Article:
Hood River Aviation Museum
One of the great things about travel is finding a jewel you didn’t even know you were looking for. Case in point: Western Antique Aeroplane and Automobile Museum in Hood River, Oregon.
Susan and I were returning from our trip to Thailand and Vietnam, had stopped in Bellevue, WA to visit Kimm Viebrock and family, made another overnight stay in Waterville, WA to see some of my family, and had a great two night layover in Mosier, OR with long-time FOT (Friend of Telluride), Arlene Burns. At dinner our first night (in Hood River as it turned out) Arlene mentioned there is a really interesting aviation museum in Hood River. She shares with me a love of flying and knew I would enjoy spending some time at WAAAM. She was right…
The next day we were busy, trying to crowd a year and a half of catching up into a few hours. Arlene was at Mountainfilm in Telluride last Spring, but getting around the films and talks left little time for a personal reunion. The result was I didn’t get to Hood River until fairly late in the afternoon, and the place closes (according to the schedule) at 1700 (5:00 pm for you non-flying types). I had less than 2 hours to cover two large hangars of airplanes, antique autos, motorcycles, flight suits, videos, photographs, you name it. Those two hangars are so full of wonderful machines the museum has just opened a third hangar. This will make it easier to move planes around, important because these antiques aren’t just for viewing- they still fly. My kind of museum!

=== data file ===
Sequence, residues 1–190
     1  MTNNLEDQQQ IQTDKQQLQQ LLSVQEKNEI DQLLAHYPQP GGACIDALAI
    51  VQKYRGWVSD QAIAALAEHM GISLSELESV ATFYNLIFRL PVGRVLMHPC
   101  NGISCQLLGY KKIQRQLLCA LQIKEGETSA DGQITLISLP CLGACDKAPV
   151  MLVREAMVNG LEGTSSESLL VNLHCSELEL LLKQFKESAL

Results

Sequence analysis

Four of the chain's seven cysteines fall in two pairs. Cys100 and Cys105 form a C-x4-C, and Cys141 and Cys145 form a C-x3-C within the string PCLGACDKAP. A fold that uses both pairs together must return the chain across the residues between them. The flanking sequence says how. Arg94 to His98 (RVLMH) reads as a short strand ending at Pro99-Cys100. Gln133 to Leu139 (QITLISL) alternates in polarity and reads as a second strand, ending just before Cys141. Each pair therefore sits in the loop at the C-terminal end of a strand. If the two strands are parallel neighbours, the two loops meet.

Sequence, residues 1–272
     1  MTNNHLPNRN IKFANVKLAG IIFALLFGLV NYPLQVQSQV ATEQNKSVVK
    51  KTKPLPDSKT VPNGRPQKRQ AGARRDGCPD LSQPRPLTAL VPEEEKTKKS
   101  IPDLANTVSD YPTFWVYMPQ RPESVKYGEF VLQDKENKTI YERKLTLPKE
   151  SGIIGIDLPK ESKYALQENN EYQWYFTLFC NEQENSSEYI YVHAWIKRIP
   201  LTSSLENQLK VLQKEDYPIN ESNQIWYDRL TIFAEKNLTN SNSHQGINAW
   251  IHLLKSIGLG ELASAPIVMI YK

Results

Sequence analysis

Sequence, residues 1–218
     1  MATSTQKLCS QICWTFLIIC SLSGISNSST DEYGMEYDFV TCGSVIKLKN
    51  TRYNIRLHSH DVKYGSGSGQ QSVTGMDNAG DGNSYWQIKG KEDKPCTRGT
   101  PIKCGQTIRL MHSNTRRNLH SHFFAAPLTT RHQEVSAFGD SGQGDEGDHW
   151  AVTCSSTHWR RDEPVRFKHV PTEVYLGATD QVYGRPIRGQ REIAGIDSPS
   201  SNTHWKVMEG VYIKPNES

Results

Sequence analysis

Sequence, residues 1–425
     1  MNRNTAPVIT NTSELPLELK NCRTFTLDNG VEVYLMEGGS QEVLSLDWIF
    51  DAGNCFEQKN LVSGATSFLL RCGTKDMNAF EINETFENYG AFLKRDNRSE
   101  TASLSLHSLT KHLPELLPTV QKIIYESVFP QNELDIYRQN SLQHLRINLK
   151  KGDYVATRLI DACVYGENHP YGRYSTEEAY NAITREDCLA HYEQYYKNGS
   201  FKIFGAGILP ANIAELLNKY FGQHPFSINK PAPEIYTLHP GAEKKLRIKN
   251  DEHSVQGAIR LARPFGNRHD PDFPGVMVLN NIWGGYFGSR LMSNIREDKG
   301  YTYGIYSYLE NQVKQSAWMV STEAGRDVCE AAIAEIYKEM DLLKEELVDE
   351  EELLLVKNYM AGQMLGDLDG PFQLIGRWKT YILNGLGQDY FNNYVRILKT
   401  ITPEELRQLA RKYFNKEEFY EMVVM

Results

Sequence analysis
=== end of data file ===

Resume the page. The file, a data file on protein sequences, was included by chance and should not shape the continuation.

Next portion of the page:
And I didn’t even get a running start as the man at the entrance spun a great flying story about one of their planes, a Curtiss Pusher from the era immediately following the Wright Brothers’ first powered flights. Seems a modern daredevil decided to repeat a feat first performed in 1912- a flight off the top of the Multnomah Hotel in downtown Portland. In the modern version in 1995, the calculated take-off distance was around 160 feet, but a slight tailwind pushed the actual takeoff to about 198 feet. Not a big error, except the length of the “runway” was 200 feet! Change of underwear, anyone? Oh, and in the “small world” category: the Curtiss Pusher replica that was flown off the roof in 1995 was built by a Northwest Airlines pilot, Walter Bullock, who was directly responsible for Joe Kimm’s (my former father-in-law) being hired by Northwest Airways in 1929. Bullock had owned an original Pusher as a young man. At the end of his airline career Walter wanted to fly the Curtiss again. Unable to locate an original, he built the replica himself, finishing it in 1947. That airplane is now on display at WAAAM. I didn’t learn of this coincidence until later when I studied WAAAM’s excellent website. It was particularly nostalgic for me because Joe Kimm just died this past September at age 102! His airline career lasted from 1929, flying Ford Tri-Motors, to mandatory retirement in 1971, THE senior Captain at Northwest, flying the Boeing 707.
It was almost impossible for me to rush through the displays, as the equipment on view was so special. In many cases the airplanes (excuse me: aeroplanes) are the last of their type still flying, or perhaps even in existence. The four WACOs on the far wall of the first hangar could have occupied me for the whole 2 hours. Fortunately I was intercepted late in my tour by Donna Davidson, Assistant Director of the Museum. As the clock was ticking she showed me around, and we somehow managed to close it down at 1730. This is a museum operated for and by airplane nuts. Count me one.
Clint Viebrock photos
1600 Air Museum Road, Hood River, Oregon
Open daily (except Thanksgiving, Christmas, New Years Day) 0900-1700
Weather permitting, Airshows on the 2d Saturday of the month